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Twitter Is Pulling The Plug On Its Buy Button

by • May 30, 2016 • Breaking News, TwitterComments Off on Twitter Is Pulling The Plug On Its Buy Button3501

In September 2015 we reported that Twitter had launched a buy button allowing users to purchase things without having to leave the platform. Then, we discussed why this might fail… And now, Twitter is apparently getting rid of it.

The news broke only last week, but according to multiple sources, Twitter had already moved away from the idea 3 months ago. The 25-strong team who developed the project was disbanded, with most of its members departing the company while remaining staff have been reallocated to other projects, such as dynamic product ads or customer service.

Contacted by BuzzFeed News, a Twitter spokesperson was hopeful regarding the performance of Dynamic Product Ads’ (DPAs), saying that they yielded double the click-through rate and conversions compared to promoted tweets. This is probably what Twitter will be betting on over the coming months.

The decision to halt the development of the Buy button is one in a series of CEO Jack Dorsey’s strategic decisions. It seems he wants to invest more resources into Twitter‘s core experience, and focus on what works, and what fits in his vision.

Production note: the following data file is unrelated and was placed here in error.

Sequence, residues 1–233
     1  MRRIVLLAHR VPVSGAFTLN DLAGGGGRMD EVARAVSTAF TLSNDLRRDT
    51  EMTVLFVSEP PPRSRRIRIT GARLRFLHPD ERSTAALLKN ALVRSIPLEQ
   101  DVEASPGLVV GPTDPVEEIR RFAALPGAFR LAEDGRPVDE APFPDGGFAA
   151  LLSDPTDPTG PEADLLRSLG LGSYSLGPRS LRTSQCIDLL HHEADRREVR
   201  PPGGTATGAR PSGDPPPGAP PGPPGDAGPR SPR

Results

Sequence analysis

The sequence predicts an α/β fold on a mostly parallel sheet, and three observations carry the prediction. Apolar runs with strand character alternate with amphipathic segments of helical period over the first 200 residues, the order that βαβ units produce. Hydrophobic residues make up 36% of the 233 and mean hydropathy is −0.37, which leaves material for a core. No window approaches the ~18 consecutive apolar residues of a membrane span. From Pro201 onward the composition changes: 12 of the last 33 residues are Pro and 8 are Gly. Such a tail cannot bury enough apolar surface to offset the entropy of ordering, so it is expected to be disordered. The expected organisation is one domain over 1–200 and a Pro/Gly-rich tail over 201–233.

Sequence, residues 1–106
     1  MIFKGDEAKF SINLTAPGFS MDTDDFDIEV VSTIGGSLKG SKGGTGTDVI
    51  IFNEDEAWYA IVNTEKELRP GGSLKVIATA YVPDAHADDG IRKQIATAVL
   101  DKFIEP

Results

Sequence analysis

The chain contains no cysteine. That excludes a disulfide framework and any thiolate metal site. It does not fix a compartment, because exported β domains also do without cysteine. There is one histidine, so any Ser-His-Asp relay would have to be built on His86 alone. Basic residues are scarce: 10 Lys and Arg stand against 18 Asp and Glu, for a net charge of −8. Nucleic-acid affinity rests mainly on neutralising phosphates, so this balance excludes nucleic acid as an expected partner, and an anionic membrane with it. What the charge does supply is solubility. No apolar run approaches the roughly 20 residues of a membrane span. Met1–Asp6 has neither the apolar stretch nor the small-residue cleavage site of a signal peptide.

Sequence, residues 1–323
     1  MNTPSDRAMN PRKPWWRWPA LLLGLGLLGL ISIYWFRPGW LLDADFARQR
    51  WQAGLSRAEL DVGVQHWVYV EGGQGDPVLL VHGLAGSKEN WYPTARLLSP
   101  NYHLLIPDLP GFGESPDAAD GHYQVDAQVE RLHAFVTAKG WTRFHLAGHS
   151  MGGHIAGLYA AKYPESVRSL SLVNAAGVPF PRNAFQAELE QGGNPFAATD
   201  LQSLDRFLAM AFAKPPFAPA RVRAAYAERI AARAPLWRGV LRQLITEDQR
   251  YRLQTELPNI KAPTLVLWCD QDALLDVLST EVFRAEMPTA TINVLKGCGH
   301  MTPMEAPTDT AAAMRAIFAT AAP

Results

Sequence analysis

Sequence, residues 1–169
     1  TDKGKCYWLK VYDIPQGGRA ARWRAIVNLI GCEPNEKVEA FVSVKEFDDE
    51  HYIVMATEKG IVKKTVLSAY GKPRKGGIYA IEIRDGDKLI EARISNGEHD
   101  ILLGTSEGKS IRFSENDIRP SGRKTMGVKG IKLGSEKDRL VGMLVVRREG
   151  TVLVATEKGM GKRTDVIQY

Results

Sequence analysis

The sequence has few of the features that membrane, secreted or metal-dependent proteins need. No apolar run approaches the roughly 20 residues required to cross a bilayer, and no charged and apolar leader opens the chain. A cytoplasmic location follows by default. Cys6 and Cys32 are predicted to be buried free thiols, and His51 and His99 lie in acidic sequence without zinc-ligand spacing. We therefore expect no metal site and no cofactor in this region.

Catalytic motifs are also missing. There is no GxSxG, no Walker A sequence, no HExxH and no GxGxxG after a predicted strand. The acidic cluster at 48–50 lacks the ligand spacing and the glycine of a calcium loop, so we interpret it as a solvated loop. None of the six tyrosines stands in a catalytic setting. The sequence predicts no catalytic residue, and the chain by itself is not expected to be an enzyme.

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A few months ago, we shared our doubts regarding Twitter’s endeavours into social commerce, arguing that the “on-the-go”, “live” nature of the platform was ill-suited for the educated, research-reliant shoppers of today. And we turned out to be right. “People are not buying on social media right now. They are still buying, for the most part, on mobile web” a source familiar with the matter told BuzzFeed News.

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Looking at the bigger picture, the Buy button’s unceremonious death is a powerful indicator that buying goods and services directly within social networks is not exactly taking off. Social commerce was predicted as the way forward, but user behaviour is proving otherwise.

While social commerce potentially holds sizable money-making opportunities, the likes of Twitter have yet to figure out a way to take advantage of it without alienating users.


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